To honor and remember those who have given so much on this Memorial Day I wanted to share something meaningful – something that would evidence the respect and reverence I have for those who serve. Yet, the more I searched, the more I realized that what I post today on my blog has to come from me to truly evidence the level of respect and reverence that I seek to convey.
A Soliloquy for the Soldiers
Written by Carol Cwiak on Memorial Day 2011
I have never known anything but freedom. I have always lived in a country where my movement and speech were free.
Yet, I have known of the price – the sacrifice and the heartbreak of others who stand so committed to liberty that they willing go into harm’s way or stand in support of their loved ones that go off to places from which they may never return.
I will never go into battle in a faraway country. I will never know what it is to put my very existence on the line for the precept of freedom.
I can only imagine the fear and horror those who do serve experience. I can only imagine how important the notion of getting back to everyday life – watching television with the family, shooting hoops, hugging a loved one – is to these soldiers’ well-being as they endure the atrocities of battle day-in and day-out. I can only imagine the impact armed combat has on one’s soul.
But really, I will never know…I will never fully understand the cost of being a soldier. I will not live in the moment where I put a country’s ideals and the safety of a nation before my own. I will never be that brave or that committed.
I will never really understand how it feels to step foot again on U.S. soil having survived the battle to come home to a country that appreciates your sacrifice, but which – for the most part – cannot fathom what you have given. I will not ever live with the overwhelming feeling of guilt for surviving when my fellow soldiers have perished. I will not ever live without a limb or with enduring physical or mental disabilities because I survived such a battle. I will not ever live with the memories that cannot be written over, but which are rarely spoken of…the memories of what it was to really be a soldier.
But I know what it is to be the mother of a soldier. I understand the pride and the fear of that. I understand the angst of not knowing if you will ever see your child alive again. I understand the relief of having your child survive and the sadness in recognizing that there is no one who serves without a price…no veterans come home without scars.
I know what it is to feel for other families…to feel for other mothers like me. I understand what they give when they send their child off to do what others cannot or will not do. I know that there is a complicated mix of feelings that goes with having your child be a soldier – pride, fear, hope, resignation, sadness, guilt.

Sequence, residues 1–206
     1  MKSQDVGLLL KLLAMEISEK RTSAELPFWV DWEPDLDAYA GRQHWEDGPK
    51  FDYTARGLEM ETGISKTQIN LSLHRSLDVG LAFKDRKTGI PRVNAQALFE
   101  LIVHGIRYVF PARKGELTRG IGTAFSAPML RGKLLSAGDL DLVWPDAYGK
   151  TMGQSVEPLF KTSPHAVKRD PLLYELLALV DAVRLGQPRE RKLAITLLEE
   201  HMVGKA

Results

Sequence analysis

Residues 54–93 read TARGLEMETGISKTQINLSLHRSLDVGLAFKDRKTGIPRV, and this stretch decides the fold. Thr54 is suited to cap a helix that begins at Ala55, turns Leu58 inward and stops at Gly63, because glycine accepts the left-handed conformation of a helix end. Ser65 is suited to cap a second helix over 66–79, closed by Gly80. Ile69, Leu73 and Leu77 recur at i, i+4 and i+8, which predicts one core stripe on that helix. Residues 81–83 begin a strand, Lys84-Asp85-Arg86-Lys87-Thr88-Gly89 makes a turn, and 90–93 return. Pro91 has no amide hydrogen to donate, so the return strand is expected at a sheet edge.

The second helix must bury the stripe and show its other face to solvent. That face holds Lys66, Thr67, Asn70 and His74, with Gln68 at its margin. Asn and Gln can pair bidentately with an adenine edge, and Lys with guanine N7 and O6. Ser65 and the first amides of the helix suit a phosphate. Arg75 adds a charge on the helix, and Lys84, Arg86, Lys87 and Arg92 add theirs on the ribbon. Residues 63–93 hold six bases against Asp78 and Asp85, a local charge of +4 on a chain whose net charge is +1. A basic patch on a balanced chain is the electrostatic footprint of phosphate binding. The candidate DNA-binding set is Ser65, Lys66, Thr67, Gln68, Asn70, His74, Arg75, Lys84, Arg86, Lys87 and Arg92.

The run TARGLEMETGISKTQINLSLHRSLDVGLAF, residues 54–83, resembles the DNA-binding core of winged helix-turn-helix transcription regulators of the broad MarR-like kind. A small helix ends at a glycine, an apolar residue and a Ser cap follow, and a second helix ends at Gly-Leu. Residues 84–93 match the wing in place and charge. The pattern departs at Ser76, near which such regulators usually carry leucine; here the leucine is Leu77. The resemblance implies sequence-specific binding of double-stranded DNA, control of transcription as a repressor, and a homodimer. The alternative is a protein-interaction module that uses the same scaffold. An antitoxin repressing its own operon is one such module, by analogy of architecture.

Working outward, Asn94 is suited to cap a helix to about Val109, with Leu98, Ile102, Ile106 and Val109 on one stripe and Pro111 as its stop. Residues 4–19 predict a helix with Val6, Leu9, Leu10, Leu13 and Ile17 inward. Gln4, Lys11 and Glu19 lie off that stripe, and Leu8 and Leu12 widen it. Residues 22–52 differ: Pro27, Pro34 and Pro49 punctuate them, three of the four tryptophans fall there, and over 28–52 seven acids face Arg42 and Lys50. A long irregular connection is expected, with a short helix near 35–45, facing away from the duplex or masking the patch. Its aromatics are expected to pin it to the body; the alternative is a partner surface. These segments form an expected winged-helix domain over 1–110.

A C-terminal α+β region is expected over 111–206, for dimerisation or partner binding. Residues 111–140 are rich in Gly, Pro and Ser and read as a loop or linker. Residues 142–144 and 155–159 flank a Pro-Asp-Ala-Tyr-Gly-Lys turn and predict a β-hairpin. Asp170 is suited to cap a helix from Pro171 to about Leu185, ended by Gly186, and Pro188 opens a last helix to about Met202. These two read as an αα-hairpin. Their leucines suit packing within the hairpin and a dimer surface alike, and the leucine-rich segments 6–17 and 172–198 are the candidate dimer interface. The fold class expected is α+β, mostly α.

To the soldiers I say, I want you to know that you are better men and women than I will ever be. I know that most people are like me – most people will never experience what you have. Most people can only imagine the price you and your loved ones have paid – some of you have never fully returned home be it in body or soul.
I want you to know that most people will do that which they know to do to honor you – applaud your commitment to country as you walk through airports, hang a flag proudly in front of their home, or shake your hand and thank you for your service.
I want you to know that I honor you in my heart every day. Every time I see an American flag I remember how many soldiers’ caskets it has adorned. Every time I see a person in uniform I get choked up because I know both the level of commitment and the cost that comes with that uniform. Every time I hear the national anthem I am reminded of the enduring cost of freedom.
I want you to know that every time I learn of a soldier’s death I am sickened by the loss. I understand that every soldier has a rich story and a family and the impact of his or her service ripples across that story and that family.
I want you to know that while I will never really know your reality – I get it. I understand that you have lived with things that no one should have to live with, that you have seen things that you cannot forget, and that you have had to do things that so few are willing to do and many would not understand. I get it.
I want you to know that you are my heroes. You are the ones that I admire and champion. You are the ones who deserve my attention, my praise, my respect and my reverence.
I have never known anything but freedom. Thank you to all the soldiers who have, and continue to, fight to protect my freedom…I honor you.
Day six hundred and ninety-three of the new forty – obla di obla da